As published by Herron Todd White Valuers
Toowoomba has been fortunate to benefit from major infrastructure projects including the Toowoomba Second Range Crossing, the completion of QIC’s Grand Central Shopping Centre extension and the imminent Inland Rail Project.
As predicted in February, despite these major infrastructure projects, the Toowoomba and surrounding suburbs residential market has continued to remain relatively stable throughout 2017 following a slowing level of sales activity in 2016. This followed the peak experienced throughout 2014 and into mid 2015. Although sales activity has been steady across the board, the market has continued to be multi-speed and property specific. There has been little consistency with variations in sale prices and buyer interest making it difficult to determine well performing suburbs and specific property types.
In 2016, an oversupply of new residential product emerged (particularly units), which led to a slight increase in vacancy rates, a reduction in rental rates and subsequent exit of absentee investors. Sales volumes retracted in an orderly fashion and median prices passed their peak. Throughout 2017 a balance appears to have emerged with vacancy rates continually falling from an average of 3.5% across 2016 to 2.3% as at October 2017. The median house price appears to have plateaued at approximately $370,000 while the unit median price has slowly declined to approximately $305,000.
The infrastructure projects are believed to have assisted in holding vacancy rates low with many employees living in the Toowoomba area during the construction processes.
As mentioned in February, the key development areas for new housing included the suburbs of Glenvale, Cotswold Hills, Torrington, Kleinton, Highfields, Cambooya and Westbrook with a mix of owner-occupier and investor orientated estates under development or planned. Smaller lots than the traditional 600 to 1,000 square metre parcels have also been developed in Toowoomba and the acceptance of this small lot product appears to be growing.
West of Toowoomba, the towns within the Surat Basin have experienced significant decline across the board following the decline of the construction phase of the mining and gas boom. These towns are all either regressing currently or have reverted to levels which are more aligned with their predominantly rural based economies. As such, local employment factors are now contributing to the trends witnessed in each of these towns. Rental rates and sale prices have declined significantly following the oversupply situation, however appear to be stabilising and interest in dwellings is being experienced from owner-occupiers. A significant over supply situation remains in the unit market which continues to place downward pressure on this sector. The Roma market is relatively inactive and downward pressure appears to remain while Dalby is showing good signs of stabilisation with a strong occupancy rate leading to positive movement in rents.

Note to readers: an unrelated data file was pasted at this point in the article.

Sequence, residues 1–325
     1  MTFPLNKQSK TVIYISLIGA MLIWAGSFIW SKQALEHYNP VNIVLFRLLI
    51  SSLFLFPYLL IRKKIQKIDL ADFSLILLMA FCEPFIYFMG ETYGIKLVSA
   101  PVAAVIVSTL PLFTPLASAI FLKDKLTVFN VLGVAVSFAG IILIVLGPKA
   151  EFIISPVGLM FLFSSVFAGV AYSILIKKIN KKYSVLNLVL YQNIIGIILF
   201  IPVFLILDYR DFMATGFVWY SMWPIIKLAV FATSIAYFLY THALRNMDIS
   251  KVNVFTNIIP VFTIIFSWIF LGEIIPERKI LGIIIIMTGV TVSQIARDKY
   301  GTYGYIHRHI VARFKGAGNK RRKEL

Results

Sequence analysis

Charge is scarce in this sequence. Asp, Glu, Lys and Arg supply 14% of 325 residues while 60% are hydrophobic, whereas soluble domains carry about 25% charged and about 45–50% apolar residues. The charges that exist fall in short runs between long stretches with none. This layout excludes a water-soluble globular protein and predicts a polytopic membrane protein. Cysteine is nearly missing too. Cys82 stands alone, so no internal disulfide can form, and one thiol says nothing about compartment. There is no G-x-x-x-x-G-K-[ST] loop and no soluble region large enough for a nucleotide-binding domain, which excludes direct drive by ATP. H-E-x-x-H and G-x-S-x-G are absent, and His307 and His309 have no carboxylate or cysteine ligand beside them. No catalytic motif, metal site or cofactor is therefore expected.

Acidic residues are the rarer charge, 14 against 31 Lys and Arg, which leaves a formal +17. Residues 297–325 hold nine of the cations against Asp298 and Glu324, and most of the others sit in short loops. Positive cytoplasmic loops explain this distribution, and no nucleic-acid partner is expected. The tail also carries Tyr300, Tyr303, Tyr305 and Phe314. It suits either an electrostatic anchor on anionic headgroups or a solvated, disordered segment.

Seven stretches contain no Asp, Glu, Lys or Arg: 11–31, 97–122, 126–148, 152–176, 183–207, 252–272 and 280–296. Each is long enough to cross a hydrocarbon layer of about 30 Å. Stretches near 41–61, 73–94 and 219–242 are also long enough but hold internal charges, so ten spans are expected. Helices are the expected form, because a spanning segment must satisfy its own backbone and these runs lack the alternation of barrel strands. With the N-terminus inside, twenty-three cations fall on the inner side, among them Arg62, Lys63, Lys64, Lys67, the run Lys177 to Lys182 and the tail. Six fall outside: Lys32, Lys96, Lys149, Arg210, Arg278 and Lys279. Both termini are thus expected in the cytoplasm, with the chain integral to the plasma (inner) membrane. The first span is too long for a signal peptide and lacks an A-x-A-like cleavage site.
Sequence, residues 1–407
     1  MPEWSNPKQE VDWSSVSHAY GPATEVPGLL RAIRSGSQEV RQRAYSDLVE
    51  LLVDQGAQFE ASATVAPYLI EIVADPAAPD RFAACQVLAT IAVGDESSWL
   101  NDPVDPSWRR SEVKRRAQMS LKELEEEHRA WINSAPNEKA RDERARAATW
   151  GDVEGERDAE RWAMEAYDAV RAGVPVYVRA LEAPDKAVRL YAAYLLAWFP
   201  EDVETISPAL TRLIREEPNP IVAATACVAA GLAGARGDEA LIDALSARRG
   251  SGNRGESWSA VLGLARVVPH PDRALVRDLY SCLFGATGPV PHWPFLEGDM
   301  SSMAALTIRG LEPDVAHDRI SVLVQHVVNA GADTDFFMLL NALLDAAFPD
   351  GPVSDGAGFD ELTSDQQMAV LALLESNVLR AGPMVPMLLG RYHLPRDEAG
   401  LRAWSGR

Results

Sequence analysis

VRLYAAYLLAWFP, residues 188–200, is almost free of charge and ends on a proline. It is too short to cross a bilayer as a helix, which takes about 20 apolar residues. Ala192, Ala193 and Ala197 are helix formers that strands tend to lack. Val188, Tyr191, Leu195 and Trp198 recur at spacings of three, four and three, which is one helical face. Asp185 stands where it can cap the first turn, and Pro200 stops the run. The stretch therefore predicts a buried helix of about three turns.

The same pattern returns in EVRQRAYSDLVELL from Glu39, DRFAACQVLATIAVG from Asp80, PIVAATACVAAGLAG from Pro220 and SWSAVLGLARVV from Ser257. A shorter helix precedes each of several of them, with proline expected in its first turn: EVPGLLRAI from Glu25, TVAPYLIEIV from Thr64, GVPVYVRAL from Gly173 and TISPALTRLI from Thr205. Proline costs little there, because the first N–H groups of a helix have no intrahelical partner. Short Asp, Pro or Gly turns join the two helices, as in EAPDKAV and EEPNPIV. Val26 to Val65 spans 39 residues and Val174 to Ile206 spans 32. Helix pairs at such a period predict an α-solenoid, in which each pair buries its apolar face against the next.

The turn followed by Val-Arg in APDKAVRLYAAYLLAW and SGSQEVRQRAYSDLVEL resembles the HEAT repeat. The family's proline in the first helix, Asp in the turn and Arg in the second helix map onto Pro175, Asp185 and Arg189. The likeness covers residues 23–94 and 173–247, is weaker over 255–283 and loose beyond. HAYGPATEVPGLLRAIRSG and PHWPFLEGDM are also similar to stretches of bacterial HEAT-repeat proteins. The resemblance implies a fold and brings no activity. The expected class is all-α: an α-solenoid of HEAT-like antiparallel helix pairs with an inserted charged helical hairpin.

In general there were no surprises in the Toowoomba market and predictions made at the beginning of the year appear to have been relatively accurate. We give our predictions a score of 8 out of 10!
In the commercial market the two major retail developments in Toowoomba in 2017 included the redevelopment of the QIC owned Grand Central Shopping Centre and the construction of a new Bunnings. The $500 million plus redevelopment of Grand Central has predominantly been completed. The redevelopment has seen the centre double in size to approximately 90,000 square metres introducing new discount department stores, supermarkets and approximately 160 speciality stores. The construction of a new Bunnings on the former Toowoomba Foundry site has also recently been completed. This is the second Bunnings in Toowoomba and should have a positive impact on the northern CBD precinct.
The redevelopment of the Shell/Coles Express in Kearneys Spring has now been completed with two additional tenancies including a café with a drive through facility. Construction of a food based retail centre known as The Intersection was also recently completed. Tenants in the centre will include Subway, Café 63, Burger Urge, Baskin-Robbins and Oporto.
Over the past 12 months there has been an increase in leasing activity within other areas of the Toowoomba CBD. The majority of activity has been to cafés, bars and restaurants. Most of these operators are new to Toowoomba, resulting in a significant increase in new options for local diners.
The historically low interest rates have resulted in a strong demand for retail properties by investors, however the lack of supply of quality, fully leased properties has limited the number of investment sales and has resulted in a firming of net yields over the past two years.
Recent retail investment sales in Toowoomba include:
Wyalla Plaza, Taylor Street, Newtown – Semimodern convenience shopping centre and service station with a lettable area of 3,997 square metres. Tenants include Friendly Grocer, Brumbys, Dominos, Malouf Pharmacy, a mix of convenience retailers, Puma Service Station and a large medical centre. Reported passing net yield of circa 7%. Sale price of $14.45 million.
283 Ruthven Street, Harlaxton – Semi-modern retail centre that was leased to Red Rooster and a Foodworks supermarket. WALE of 1.48 years. Sale reflected a net yield of 6.99%. Sale price of $1.8 million.
251 James Street, Toowoomba City – Modern mixed use building with a ground floor retail showroom tenancy of 567 square metres with first floor office tenancy of 541 square metres and basement car park for 41 vehicles. Leased to The Open Range and Neil’s Parts. WALE of 2.84 years. Sale reflected a passing net yield of 7.9% and an analysed net yield of 8.86%. Sale price of $3.1 million.